214 F.3d 740 (6th Cir. 2000), 98-6361, United States v Prince

Docket Nº:John R. Prince (98-6361), Tony White (98-6362), Defendants-Appellants.
Citation:214 F.3d 740
Party Name:United States of America, Plaintiff-Appellee, v.
Case Date:June 01, 2000
Court:United States Courts of Appeals, Court of Appeals for the Sixth Circuit

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214 F.3d 740 (6th Cir. 2000)

United States of America, Plaintiff-Appellee,

v.

John R. Prince (98-6361), Tony White (98-6362), Defendants-Appellants.

Nos. 98-6361, 98-6362

United States Court of Appeals, Sixth Circuit

June 1, 2000

Argued: December 16, 1999

Rehearing Denied June 29, 2000

Rehearing and Suggestion for Rehearing En Banc Denied Aug. 10, 2000

Appeal from the United States District Court for the Western District of Tennessee at Jackson. No. 97-10044--James D. Todd, District Judge.

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Richard Leigh Grinalds, ASSISTANT UNITED STATES ATTORNEY, Jackson, Tennessee, for Appellee.

April R. Ferguson, OFFICE OF THE FEDERAL PUBLIC DEFENDER FOR THE WESTERN DISTRICT OF TENNESSEE, Memphis, Tennessee, G. William Hymers III, HARDEE, MARTIN, JAYNES & IVY, Jackson, Tennessee, for Appellants.

Before: MERRITT and SILER, Circuit Judges; BECKWITH,[*] District Judge.

OPINION

BECKWITH, District Judge.

Defendant Prince raises on appeal three issues challenging his convictions. Defendant White raises on appeal two issues challenging his convictions and two issues challenging his sentence.

Beginning on or around January 2, 1991, Defendant White devised and engaged in a scheme to "defraud and obtain money by means of false and fraudulent pretenses, representations and promises." Defendant White represented to certain individuals that he was "bonded with" the U.S. Bankruptcy Court and that this enabled him to buy assets involved in bankruptcies which he could then sell for a sizeable profit. Defendants Prince and White solicited individuals to invest in their alleged plan to purchase and then sell these assets. Investors contributed money for purchasing property and for covering alleged costs associated with purchasing property involved in bankruptcies, e.g., taxes, accountant fees, closing costs, etc. The government established at trial that individuals could not purchase property

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from the bankruptcy court as was represented by Defendants.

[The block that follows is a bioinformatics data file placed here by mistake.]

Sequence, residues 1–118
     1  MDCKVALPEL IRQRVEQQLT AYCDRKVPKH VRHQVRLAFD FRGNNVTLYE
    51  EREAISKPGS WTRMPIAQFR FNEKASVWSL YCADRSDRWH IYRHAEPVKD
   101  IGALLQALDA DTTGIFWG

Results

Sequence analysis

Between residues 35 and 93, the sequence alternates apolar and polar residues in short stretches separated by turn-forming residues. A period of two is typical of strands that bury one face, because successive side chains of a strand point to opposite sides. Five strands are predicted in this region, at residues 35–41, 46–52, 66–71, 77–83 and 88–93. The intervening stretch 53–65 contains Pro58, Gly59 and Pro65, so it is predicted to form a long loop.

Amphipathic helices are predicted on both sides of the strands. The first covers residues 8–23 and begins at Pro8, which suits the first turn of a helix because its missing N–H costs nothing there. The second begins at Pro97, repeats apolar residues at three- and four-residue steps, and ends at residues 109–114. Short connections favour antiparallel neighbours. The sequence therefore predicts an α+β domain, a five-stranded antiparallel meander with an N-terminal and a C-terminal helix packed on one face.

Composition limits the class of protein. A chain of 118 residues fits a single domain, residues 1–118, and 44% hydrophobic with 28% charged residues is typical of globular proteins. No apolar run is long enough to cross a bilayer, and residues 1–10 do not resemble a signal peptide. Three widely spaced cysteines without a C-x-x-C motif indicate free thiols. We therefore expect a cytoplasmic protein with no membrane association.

According to the evidence presented at trial, Defendants physically obtained investors' money through one of three types of arrangements. Under one arrangement, Defendants directed investors to wire transfer the money into the bank accounts of third parties. Per a pre-arranged agreement with either or both Defendants, the third party wrote a check in the amount of the transfer, cashed that check, and then transferred the money in cash to Defendant Prince. On at least a couple of occasions, Prince received a personal check, rather than cash, from the third party. On at least one occasion the third party transferred the cash to another third party who then transferred the cash to Prince. On all occasions Prince eventually transferred the money to White. Prince explained to some investors that money needed to be wired to a third party's account because Prince did not have a bank account and/or that he was in bankruptcy and a monetary transfer would cause the bankruptcy court to attach his account.

Under a second arrangement, Defendants directed investors to wire transfer money via Western Union to third parties. Per a pre-arranged agreement with either or both Defendants, the third party signed for and received the money and then transferred it in cash to Defendant Prince. Prince then transferred to Defendant White the money received from the third parties.

Under a third arrangement, Defendants directed investors to wire transfer money via Western Union to Prince. Prince signed for and received the money from a Western Union representative. Prince then transferred the money to White.

It was not established at trial how Defendants disposed of the money fraudulently obtained. Victims testified that they had not received any of the money they had invested.

On May 18, 1998, a federal grand jury returned a superseding indictment in which Counts 1 through 16 charged both Defendants with wire fraud and aiding and abetting the commission of wire fraud and Counts 17 through 85 charged both Defendants with money laundering and aiding and abetting the commission of money laundering. A jury trial commenced against Defendants on June 3, 1998. At the close of the government's case, the court entered a judgment of acquittal on Count 33. The jury found Defendants guilty on all remaining counts.

In the interest of economy, we will provide the remaining relevant facts below as we address the issues raised on appeal.

A. Sufficiency of the Evidence

Defendant Prince contends that the evidence was insufficient to convict him of money laundering.